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Less Fun Than It Sounds

June 14, 2010 Fear, Fitness, Food 1 Comment

I treated myself to a mock Olympic distance triathlon on Saturday and, much to my dismay, bonked during the run. As it turns out, calories matter. Who knew??

For those not familiar with the term, bonking basically means “hitting the wall” while engaging in endurance sports. In short, your body runs out of energy. It is not as fun as the word implies it to be, believe me! It had been a very busy and tiring week, starting with being out of town and drinking copious amounts of wine at a friend’s wedding in Florida the prior weekend. Saturday was my sixth straight day of workouts and I had done a hard 40-mile bike ride in the hills on Friday. I had a busy day and weekend ahead of me, but this training tri was important so I went for it.

I woke up early (6:30ish) and had a familiar breakfast. I didn’t want to overdo it since I’d be swimming in short order, but I knew I needed more than a banana. I opted for a corn tortilla with melted cheese, then I added black beans, half of a baked sweet potato and Cholula. I eat this often and thought I was doing myself a favor with the combination of carbs and protein. I left the house around 7 AM to set up my “transition area” at Mel’s house on the lagoon. It was a picture-perfect morning.

The swim was fine, nothing spectacular and nothing disastrous. There is a ton of new seaweed that has nearly reached the surface and that makes me feel kind of claustrophobic when I’m swimming. On the other hand, the water temp was great and there were no waves to speak of. I swam 31:40, which was a little slower than I’d hoped for because I had to deal with quite a few issues with my goggles (I’m concerned about this) and I changed course several times. I exited, got out of my wet suit and rinsed it, and headed out on my bike. I wasn’t timing transition areas, obviously.

I mentioned in a previous post that my cycling race course is entirely flat, so I opted to keep this training route flat. This forces me to work on pushing to keep my speed up and I knew I’d have a few “obstacles” in terms of pedestrians and other cyclists on the Bay Trail to keep it interesting. It was early enough (8 AM) that the trail traffic wouldn’t be horrible, and it saved me from wasting time getting through downtown San Mateo out to Crystal Springs and back. I felt very strong throughout my bike ride. My average speed was 17.1 mph, which included a few sharp turns and other weird slow-downs. On my last mock tri, I forgot to hydrate at all during the bike, so I was very proud of myself for finishing my entire FRS bottle and most of my water bottle. I paced myself to eat my AccelGel at mile 20 so it would kick in about the time I started to run. Clockwork!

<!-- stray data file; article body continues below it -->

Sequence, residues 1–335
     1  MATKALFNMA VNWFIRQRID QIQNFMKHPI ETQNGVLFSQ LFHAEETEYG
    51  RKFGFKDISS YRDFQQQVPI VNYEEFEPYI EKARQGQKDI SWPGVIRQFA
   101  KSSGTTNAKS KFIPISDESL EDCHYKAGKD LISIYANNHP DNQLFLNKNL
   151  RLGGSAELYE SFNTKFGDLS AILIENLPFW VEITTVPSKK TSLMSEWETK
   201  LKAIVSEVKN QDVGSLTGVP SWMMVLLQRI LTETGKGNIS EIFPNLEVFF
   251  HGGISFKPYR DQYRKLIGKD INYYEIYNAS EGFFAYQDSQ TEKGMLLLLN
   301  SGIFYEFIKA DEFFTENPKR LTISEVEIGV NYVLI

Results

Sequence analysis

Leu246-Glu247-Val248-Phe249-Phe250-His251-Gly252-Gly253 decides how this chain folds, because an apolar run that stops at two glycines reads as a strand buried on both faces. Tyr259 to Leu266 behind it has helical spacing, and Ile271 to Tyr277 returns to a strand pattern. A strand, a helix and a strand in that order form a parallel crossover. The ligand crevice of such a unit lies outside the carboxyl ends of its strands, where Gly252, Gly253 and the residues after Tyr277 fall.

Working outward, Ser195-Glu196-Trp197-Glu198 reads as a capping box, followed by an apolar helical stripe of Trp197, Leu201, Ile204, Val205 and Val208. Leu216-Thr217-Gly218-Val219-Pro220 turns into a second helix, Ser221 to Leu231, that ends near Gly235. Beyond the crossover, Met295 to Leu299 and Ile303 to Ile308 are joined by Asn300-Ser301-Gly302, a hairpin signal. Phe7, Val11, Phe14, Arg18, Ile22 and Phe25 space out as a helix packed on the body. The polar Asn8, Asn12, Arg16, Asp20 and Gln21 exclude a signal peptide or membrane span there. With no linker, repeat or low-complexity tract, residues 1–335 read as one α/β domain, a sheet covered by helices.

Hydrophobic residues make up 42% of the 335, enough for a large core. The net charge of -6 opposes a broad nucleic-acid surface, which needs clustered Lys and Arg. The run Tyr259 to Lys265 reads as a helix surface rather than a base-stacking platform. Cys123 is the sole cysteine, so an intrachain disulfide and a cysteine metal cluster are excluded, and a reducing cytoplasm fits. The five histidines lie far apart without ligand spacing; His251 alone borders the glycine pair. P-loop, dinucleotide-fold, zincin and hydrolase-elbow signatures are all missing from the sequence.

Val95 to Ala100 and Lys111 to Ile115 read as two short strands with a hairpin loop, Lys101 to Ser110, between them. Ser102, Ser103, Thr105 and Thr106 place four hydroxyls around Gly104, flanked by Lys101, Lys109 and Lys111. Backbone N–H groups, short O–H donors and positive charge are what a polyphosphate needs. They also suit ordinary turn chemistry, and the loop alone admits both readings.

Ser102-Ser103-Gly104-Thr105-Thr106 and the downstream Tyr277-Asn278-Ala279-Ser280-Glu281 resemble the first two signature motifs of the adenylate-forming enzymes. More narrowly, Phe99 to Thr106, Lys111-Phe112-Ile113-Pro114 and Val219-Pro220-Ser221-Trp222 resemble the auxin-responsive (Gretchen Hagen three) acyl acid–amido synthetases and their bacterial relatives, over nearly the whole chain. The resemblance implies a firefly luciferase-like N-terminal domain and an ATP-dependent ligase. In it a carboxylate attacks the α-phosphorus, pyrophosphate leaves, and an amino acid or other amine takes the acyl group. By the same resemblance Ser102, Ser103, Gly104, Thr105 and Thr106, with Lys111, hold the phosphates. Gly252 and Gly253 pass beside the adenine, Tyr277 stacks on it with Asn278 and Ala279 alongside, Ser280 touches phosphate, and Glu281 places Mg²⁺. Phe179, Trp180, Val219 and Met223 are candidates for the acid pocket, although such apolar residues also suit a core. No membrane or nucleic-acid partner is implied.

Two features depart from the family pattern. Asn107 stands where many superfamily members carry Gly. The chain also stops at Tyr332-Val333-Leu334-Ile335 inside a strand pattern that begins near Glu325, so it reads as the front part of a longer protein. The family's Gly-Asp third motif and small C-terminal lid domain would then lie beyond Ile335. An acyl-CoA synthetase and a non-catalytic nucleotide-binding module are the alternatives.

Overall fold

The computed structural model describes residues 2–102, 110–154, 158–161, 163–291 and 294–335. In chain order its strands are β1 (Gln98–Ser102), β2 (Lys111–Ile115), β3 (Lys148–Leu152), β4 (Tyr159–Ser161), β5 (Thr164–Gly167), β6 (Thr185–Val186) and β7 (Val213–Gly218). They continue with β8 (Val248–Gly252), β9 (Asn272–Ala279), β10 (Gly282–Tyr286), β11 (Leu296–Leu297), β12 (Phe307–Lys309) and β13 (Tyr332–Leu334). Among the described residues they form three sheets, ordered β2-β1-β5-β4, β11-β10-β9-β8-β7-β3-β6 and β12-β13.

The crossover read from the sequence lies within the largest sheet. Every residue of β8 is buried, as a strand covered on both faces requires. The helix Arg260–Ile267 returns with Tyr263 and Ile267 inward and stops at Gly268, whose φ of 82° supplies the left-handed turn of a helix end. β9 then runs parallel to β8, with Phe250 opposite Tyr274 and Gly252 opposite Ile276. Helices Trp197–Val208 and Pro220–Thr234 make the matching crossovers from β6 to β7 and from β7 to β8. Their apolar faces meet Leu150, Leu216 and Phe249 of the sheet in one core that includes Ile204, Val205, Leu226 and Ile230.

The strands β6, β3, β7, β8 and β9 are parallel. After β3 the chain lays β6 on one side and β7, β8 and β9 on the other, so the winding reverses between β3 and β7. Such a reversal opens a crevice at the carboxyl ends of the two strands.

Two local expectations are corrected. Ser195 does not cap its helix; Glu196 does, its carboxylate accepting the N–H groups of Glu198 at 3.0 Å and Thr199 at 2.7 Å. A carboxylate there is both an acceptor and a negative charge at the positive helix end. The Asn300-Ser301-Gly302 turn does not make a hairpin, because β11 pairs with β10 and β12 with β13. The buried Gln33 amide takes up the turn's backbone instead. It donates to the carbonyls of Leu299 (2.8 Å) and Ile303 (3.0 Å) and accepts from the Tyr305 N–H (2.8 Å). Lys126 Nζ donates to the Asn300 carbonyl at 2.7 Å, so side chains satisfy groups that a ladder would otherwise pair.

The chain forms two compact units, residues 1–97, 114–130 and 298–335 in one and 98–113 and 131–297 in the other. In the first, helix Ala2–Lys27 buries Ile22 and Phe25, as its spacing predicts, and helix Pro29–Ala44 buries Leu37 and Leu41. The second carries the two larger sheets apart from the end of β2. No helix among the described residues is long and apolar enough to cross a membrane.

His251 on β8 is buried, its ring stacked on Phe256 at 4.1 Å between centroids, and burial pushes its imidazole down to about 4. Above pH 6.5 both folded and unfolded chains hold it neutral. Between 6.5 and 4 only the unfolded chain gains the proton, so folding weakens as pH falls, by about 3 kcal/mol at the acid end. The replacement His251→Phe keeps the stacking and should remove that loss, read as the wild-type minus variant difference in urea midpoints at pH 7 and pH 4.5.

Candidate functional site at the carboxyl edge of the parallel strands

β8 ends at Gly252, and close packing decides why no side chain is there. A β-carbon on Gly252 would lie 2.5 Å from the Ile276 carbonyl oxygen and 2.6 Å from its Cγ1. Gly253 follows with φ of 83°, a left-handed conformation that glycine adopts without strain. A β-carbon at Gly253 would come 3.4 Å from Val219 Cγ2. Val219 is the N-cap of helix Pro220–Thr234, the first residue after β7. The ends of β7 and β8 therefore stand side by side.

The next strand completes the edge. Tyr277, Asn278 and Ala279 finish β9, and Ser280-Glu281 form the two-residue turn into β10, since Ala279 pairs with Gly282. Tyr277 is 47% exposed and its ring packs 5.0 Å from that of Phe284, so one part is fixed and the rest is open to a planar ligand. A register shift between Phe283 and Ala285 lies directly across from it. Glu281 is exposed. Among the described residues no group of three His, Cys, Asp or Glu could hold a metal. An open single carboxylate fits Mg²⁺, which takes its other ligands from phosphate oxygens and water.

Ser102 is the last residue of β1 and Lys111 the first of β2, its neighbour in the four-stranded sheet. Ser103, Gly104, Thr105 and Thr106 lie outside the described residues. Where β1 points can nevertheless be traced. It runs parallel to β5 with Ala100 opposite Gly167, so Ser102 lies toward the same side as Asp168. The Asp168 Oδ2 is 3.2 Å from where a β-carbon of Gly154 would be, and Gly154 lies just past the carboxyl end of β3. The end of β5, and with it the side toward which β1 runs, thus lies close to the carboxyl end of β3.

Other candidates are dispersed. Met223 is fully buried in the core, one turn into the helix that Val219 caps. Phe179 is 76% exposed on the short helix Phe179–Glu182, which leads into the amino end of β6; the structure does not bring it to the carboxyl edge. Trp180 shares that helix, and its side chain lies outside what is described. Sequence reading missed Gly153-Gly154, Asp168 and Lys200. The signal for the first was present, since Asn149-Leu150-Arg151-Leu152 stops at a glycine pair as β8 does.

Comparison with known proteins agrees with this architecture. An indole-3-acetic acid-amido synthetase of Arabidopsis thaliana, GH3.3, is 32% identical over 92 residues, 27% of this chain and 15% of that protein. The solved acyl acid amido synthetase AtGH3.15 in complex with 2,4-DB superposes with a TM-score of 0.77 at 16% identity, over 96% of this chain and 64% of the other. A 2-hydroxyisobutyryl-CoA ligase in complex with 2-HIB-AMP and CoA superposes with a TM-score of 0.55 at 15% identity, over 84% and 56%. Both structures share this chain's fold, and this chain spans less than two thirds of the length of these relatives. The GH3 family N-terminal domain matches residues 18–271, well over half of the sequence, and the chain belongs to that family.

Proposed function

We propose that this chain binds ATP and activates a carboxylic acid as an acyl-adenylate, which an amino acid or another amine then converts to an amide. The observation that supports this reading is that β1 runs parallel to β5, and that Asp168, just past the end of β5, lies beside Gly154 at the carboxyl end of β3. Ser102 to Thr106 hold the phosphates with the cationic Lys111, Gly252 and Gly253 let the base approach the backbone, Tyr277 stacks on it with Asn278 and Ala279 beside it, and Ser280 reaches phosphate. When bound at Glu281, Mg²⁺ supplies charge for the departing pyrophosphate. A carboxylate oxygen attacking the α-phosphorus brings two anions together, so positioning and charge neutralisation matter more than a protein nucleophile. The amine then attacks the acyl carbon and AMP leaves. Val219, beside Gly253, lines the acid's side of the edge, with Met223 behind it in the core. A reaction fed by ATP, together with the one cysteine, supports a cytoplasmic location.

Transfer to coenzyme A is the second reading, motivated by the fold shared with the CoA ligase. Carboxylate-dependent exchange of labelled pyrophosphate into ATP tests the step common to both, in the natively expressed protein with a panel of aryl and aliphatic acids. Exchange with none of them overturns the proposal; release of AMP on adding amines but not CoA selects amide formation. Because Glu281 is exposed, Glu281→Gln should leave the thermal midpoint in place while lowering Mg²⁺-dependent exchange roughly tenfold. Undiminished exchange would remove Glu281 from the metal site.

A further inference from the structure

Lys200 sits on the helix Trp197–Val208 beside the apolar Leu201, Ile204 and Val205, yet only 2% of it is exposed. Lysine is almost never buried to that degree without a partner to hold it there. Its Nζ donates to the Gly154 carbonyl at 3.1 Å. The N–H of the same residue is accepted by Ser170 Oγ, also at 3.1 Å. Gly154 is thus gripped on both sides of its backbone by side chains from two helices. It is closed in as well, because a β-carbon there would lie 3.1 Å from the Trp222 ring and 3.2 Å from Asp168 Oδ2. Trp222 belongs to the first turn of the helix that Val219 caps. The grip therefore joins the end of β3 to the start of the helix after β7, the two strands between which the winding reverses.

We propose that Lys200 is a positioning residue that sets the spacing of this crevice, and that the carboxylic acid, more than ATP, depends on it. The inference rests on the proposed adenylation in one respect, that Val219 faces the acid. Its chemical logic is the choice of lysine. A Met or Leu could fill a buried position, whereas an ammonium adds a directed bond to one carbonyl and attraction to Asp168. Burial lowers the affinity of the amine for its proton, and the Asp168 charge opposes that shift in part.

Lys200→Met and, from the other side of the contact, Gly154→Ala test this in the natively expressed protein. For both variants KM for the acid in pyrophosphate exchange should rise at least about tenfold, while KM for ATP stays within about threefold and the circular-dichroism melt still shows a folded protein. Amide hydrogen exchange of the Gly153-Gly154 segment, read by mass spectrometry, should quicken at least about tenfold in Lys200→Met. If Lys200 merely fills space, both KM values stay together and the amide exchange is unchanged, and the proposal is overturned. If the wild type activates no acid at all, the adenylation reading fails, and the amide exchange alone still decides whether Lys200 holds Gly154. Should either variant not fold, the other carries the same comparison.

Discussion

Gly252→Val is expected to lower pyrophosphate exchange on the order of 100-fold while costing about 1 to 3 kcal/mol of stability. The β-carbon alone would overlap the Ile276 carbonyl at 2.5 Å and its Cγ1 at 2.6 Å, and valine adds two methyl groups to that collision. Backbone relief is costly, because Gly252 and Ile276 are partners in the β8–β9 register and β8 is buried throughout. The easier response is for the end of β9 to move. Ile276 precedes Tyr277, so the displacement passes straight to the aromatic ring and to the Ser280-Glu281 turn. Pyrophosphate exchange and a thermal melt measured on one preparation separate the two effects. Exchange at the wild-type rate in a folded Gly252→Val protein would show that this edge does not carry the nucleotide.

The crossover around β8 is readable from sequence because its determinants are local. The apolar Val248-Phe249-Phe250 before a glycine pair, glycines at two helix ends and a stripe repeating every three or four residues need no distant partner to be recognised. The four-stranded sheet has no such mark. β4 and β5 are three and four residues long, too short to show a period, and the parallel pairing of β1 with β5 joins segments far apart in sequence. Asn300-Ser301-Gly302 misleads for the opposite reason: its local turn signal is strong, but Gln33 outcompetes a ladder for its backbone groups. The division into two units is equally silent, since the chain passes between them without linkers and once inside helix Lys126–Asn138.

I finished 25.09 miles in 1:28 and quickly transition into my running shoes, visor, and grabbed my hand-held water bottle. The first mile never feels good, so I’m not that surprised that I was pretty miserable. But at about 1.4 miles, I was really struggling. I brought it down to a fast walk and drank a lot of water, catching my breath. I was mentally beating myself up. Remember all that talk about, “I can do anything for…”? Well, it was no good on Saturday. My quads were cramping charlie-horse style. My stomach was cramping and I didn’t know which end was going to revolt first.

Bonk.

I walked 30 seconds and tried to run again, only to be plagued by more cramping. This went on for several minutes. I finished my entire bottle of water by mile 4 and I knew there were no refill opportunities. I pushed myself to run ONE-MORE-MILE and told myself I could walk back to my transition area from there, wherever that ended up being. It was ugly. It hurt. Not only was this so defeating, but I was putting myself really behind for all of the other things I needed to do that day. There was no time to be sick. Back at Mel’s, I grabbed a soda out of the fridge — it was cold and full of fast calories. I loaded my stuff up and headed home. Greg fixed me a protein smoothie while I showered and tried to put it all into perspective:

This was a very important lesson in nutrition. As often as I am “afraid” of calories, they are VITAL. Welcome them. Love them. Lesson: pack food in your jersey, even if you don’t eat it.

This was thankfully not an actual race day! I came home and the first thing I said to G was, “I am so glad I did not pay money to do that.” I would have been in tears if I had actually been trying to race against other people. As much as I thought my run at Wildflower hurt and looked bad, this would have been pure torture if people had been passing me and there was nothing I could do about it.

The battery ran out on my Garmin 405 so I have no way of knowing how slow my 10K run was. I have no way of knowing my average pace. This is a blessing.

I FINISHED. It wasn’t pretty and it felt even worse, but I finished.

Two more weeks of hard-core training before my July 4 race. One week of taper and travel. I rode 35 miles in the hills of Napa County on Sunday and took today as a rest day. Tomorrow, I hit it again.

Shake it off. And don’t make the same mistake twice.

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  1. […] So I held it, all the while continuing to drink at every aid station as my body threatened to bonk again. There is probably a lesson here, but I’m still not convinced that spending the extra […]

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